Keywords weave an interesting web leading to Koreafornian Cooking
I sometimes wonder how readers find this blog. But thanks to Google Stats, I don’t have to wonder for long.
|No doubt there’s lots of buzz about Korean tacos, based on the Google search terms. (Tammy Quackenbush photo)|
|People who already know about Stone Korean Kitchen can easily find my review. (Tammy Quackenbush photo)|
There were a couple of common San Francisco–centric search phrases. “Korean cooking classes San Francisco” most likely would have referred readers to a post about English language Korean cooking classes offered in Seoul. “San Francisco ferry stone restaurant” would send readers to my review of theStone Korean Kitchen restaurant across the street from San Francisco’s Ferry Building.
The top three searches of all time so far are:
|My cat isn’t the only one who appreciates Korean pears. (Tammy Quackenbush photo)|
2 “Korean pears.” Apparently enough people have found whatever knowledge they were looking for about the Korean pear from this blog to place my post about the superiority of Korean pears over their American counterparts to place it on the first page of Google‘s search for “korean pears.”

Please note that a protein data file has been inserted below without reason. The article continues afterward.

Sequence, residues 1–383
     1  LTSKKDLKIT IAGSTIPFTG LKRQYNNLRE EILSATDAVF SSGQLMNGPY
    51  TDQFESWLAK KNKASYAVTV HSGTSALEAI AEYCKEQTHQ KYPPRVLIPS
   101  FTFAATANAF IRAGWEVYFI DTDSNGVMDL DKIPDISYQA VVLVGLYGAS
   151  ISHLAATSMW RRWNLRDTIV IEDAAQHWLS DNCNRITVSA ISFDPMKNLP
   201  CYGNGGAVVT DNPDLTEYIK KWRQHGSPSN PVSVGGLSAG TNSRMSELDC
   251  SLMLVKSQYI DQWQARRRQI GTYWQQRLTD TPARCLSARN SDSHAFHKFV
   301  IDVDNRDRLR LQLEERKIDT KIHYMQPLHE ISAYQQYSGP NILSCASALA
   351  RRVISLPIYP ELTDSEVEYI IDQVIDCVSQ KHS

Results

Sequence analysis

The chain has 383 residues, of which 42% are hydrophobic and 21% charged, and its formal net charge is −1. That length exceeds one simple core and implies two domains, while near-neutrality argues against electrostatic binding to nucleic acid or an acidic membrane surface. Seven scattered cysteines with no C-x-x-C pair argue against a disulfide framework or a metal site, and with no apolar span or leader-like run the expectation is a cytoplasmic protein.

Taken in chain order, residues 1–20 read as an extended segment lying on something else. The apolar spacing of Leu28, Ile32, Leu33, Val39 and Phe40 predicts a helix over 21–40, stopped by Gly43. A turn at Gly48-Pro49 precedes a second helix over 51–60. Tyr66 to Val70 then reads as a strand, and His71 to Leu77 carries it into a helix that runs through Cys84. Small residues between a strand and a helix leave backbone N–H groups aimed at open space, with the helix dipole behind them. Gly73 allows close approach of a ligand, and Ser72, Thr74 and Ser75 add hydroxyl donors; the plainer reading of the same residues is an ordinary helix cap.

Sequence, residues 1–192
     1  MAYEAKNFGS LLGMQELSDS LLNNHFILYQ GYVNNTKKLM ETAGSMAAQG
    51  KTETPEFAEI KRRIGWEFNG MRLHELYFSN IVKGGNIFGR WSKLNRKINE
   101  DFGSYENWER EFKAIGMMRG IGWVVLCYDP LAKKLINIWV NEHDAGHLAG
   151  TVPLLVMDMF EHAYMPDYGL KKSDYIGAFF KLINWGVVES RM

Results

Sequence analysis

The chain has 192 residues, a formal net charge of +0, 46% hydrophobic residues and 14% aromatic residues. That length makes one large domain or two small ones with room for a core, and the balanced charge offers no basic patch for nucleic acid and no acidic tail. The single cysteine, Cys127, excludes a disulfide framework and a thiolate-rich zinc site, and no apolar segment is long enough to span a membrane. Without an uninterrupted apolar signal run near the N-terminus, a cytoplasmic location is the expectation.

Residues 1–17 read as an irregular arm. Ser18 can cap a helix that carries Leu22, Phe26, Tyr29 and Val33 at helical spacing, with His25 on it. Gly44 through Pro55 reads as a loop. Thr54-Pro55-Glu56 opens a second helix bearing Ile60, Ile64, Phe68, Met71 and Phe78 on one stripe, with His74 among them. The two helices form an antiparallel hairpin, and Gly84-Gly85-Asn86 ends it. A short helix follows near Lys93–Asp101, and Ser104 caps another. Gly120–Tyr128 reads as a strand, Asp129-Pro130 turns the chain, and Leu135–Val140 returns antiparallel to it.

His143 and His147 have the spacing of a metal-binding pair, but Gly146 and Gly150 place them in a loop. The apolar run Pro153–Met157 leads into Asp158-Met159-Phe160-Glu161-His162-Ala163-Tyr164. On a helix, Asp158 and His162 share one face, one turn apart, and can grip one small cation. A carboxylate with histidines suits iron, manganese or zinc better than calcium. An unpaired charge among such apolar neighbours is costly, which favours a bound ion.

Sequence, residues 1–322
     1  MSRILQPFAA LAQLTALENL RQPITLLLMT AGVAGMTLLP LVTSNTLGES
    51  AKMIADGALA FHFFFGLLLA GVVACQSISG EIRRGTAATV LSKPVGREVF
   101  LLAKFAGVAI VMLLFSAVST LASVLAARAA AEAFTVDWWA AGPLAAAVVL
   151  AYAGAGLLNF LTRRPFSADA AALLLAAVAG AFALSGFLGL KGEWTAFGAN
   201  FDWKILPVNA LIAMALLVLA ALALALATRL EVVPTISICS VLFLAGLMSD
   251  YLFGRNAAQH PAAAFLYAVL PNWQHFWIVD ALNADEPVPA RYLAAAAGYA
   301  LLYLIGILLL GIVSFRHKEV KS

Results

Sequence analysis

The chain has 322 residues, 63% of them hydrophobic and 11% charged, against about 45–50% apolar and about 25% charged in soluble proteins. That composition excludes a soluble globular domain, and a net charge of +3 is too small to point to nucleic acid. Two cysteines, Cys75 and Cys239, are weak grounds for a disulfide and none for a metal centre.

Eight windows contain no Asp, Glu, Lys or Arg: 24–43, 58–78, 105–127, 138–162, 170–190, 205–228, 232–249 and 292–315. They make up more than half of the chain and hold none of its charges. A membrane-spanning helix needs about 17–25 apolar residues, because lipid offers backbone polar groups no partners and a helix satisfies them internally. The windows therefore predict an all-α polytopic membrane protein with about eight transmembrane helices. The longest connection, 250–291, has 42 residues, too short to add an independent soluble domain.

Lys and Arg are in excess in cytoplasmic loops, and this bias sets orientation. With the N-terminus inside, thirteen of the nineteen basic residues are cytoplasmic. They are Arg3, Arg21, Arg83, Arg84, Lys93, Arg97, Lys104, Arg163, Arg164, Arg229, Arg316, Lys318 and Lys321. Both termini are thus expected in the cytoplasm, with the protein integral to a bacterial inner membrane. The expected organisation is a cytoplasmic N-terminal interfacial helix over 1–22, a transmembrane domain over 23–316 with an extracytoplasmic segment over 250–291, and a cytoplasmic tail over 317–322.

3 “Bulgogi taco recipe.” Since I’ve written four posts about Korean tacos, I’m not surprised that a search for a “korean taco recipe” would bring someone here.
The first page of a Google search for “Annie Chun’s gochujang sauce” leads you towards my review of the newest of Ms. Chun’s Asian sauces.
There are little nuggets of barely useful information to glean from these stats too. For example, I discovered that one reader found this blog from an image search on Google India. I had posted a photo about Jamba Juice’s planned entry in the South Korean market.
Another reader in South Korea found this blog via Naver after searching for “권오진 chef.” I believe that the Kwon Oh Jin in question is a chef whose most recent foray online was in a “Star Chef v. Star Blogger” contest. Because I’ve never written about chef Kwon, what they found instead was a post about my video interview with chef Hector Marroquin about his “kimchi 3.0.”
This is the marvelous and yet frustrating thing about the Internet. We want to believe that information about any topic that tickles our fancy is out there just waiting to be picked up. But sometimes, we are lead down strange trails that send us in a direction we never thought we’d entertain.
Sometimes, as Duran Duran will tell you, “it’s just too much information for me.”